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In'Tech 3D / RP Newsletter

  • In'Tech Industries

Stratasys' new Continuous Build 3D Demonstrator uses cloud-controlled 3D print cells for continuous

3D printing company Stratasys has unveiled its latest “under development” product: the Stratasys Continuous Build 3D Demonstrator. Presented at RAPID + TCT 2017 in Pittsburgh, PA, the upcoming 3D printing system is designed to enable low volume production and mass customization.


Stratasys Continuous Build 3D Demonstrator is modular and scalable

Stratasys’ Continuous Build 3D Demonstrator platform is a modular 3D printing unit that is made up of various 3D printer cells that are programmed to print simultaneously. Powered by a scalable, cloud-based architecture, the new 3D printing system promises to “set new standards” for additive manufacturing throughput.


According to the company, its new product is built to additively manufacture parts simultaneously and continuously with minimal human intervention. Each individual 3D print cell that makes up the system is capable of executing a different print job, which facilitates mass customization. The cells will also automatically “eject” finished prints in order to begin new ones.


“The Stratasys Continuous Build 3D Demonstrator is an important milestone in the company’s long term vision to make additive manufacturing a viable solution for volume production environments,” commented Scott Crump, Stratasys Co-founder and Chief Innovation Officer. “It combines our FDM print quality, GrabCAD control and monitoring, and a new multi-cell, scalable architecture to create a breakthrough manufacturing platform.”


The new Continuous Build 3D Demonstrator is scalable, which means that 3D print cells can be added or removed at any time, depending on the production requirements. The system also features automatic queue management, as well as load balancing and architecture redundancy. This last feature allows print jobs to be switched to different 3D print cells in case of any problems or failures, helping to maintain the continuous flow of the system.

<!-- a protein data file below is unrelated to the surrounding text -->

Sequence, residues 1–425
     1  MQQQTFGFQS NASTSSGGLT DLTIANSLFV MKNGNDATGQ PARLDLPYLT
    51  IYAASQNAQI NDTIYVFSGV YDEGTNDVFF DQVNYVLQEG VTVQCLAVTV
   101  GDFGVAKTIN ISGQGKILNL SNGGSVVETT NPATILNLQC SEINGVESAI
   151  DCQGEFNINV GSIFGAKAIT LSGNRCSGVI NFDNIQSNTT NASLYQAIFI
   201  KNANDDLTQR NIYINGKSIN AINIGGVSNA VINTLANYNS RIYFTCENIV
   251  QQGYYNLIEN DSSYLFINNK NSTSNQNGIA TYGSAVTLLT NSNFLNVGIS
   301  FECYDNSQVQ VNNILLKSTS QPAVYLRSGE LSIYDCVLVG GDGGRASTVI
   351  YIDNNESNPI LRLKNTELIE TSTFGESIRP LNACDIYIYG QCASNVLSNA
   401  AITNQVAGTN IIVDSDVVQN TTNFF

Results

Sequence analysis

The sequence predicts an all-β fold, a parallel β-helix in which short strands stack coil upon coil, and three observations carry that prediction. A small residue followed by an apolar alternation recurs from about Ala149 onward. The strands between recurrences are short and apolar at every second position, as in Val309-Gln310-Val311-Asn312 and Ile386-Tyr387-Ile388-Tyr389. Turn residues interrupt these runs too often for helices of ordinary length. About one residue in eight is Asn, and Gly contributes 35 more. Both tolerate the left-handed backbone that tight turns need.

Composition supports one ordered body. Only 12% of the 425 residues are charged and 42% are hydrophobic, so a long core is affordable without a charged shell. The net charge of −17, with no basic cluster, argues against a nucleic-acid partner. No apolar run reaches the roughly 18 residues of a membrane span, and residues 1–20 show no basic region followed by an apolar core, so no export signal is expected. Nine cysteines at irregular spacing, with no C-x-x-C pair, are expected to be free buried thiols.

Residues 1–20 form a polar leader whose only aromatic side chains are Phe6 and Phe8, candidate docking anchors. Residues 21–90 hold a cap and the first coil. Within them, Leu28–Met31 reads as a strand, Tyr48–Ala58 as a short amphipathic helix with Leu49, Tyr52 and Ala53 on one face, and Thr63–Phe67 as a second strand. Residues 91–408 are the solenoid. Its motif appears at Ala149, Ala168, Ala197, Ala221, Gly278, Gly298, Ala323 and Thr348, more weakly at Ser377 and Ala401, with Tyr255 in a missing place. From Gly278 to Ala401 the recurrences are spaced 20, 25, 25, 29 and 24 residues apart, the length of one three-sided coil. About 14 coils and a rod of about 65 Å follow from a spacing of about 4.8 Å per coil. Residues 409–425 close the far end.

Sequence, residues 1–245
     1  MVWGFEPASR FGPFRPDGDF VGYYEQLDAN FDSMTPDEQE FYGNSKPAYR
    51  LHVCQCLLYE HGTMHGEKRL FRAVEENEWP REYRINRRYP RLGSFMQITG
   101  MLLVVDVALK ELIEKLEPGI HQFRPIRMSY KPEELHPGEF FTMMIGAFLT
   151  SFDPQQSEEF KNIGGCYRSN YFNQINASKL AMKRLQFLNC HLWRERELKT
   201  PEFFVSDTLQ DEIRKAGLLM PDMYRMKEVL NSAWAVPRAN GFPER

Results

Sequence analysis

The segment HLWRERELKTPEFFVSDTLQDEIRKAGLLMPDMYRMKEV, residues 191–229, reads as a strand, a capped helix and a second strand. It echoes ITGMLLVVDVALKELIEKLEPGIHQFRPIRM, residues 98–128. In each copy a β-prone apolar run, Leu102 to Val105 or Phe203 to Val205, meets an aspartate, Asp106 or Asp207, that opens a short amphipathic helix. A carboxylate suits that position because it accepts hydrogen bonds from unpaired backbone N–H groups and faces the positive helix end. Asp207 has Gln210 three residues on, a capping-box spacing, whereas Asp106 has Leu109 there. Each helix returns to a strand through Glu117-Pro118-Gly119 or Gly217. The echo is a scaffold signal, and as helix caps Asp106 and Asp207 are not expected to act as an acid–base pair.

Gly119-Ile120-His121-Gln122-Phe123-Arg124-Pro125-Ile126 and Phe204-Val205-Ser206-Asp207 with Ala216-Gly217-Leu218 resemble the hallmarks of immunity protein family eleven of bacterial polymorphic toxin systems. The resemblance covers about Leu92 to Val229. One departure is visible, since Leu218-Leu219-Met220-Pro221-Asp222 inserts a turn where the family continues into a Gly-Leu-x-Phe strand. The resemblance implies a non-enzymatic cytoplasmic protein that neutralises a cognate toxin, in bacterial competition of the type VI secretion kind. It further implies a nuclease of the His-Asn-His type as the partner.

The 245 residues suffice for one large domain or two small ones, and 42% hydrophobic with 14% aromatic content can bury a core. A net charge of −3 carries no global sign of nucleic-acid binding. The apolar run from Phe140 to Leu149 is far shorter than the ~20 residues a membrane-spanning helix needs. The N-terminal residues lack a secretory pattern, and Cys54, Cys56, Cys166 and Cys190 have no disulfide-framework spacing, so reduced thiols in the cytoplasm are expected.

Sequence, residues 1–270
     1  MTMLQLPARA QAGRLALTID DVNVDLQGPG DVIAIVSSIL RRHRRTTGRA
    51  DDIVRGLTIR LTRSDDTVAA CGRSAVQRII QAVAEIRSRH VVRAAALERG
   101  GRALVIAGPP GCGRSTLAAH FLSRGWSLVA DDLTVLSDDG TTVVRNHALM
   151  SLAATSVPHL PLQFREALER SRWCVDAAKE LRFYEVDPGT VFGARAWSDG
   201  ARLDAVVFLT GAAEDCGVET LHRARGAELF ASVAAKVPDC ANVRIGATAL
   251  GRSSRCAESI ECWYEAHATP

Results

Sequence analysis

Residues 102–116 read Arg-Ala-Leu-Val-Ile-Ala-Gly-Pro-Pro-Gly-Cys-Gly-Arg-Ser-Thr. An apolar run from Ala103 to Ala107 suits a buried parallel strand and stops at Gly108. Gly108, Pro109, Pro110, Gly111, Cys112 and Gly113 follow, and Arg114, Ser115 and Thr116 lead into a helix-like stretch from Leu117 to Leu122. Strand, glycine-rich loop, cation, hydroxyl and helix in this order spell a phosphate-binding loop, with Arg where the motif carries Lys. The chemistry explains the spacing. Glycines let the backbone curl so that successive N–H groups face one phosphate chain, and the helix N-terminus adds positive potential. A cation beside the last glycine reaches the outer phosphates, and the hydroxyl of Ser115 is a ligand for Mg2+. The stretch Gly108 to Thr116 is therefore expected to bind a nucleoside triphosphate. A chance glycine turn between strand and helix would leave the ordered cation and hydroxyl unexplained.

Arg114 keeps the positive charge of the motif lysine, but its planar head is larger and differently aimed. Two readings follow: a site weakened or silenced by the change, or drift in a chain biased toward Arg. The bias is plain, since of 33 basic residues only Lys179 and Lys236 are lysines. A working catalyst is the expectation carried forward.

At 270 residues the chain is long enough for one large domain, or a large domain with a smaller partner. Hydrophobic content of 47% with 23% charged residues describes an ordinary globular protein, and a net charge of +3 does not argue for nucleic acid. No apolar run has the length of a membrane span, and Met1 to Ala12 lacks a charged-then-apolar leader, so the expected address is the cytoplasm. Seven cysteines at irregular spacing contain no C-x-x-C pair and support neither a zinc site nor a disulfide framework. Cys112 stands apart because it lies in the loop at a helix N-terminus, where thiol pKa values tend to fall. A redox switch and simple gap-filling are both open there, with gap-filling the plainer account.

While the technology is not yet commercially available, Stratasys says it is targeting its new 3D printing system at educational rapid prototyping labs and similar environments that will benefit from “zero tooling production and from a zero inventory supply chain.”


So far, the 3D printing tech has received positive reviews from companies and institutions that have been lucky enough to trial it. For instance, a Continuous Build 3D Demonstrator was installed at the Savannah College of Art and Design’s Design Lab, where it has given students round the clock access to 3D printing technology.


SCAD President and Founder Paula Wallace said of the system: “This is the future! We believe the Stratasys Continuous Build 3D Demonstrator represents the next generation of 3D printing, the first-ever platform of its kind. The world has never seen an approach to rapid prototyping like this before. As ever, SCAD students are the earliest adopters of design technology.”


A 9-cell configuration of the Continuous Build 3D Demonstrator

In’Tech Industries, Inc., a Minnesota-based supplier of rapid prototyping and additive manufacturing services, and FATHOM, an advanced manufacturing company, have also both integrated Stratasys’ system into their workflows with positive outcomes.


The Continuous Build 3D Demonstrator is currently being showcased at RAPID + TCT 2017. Visitors can see the new technology at Stratasys’ booth #1513.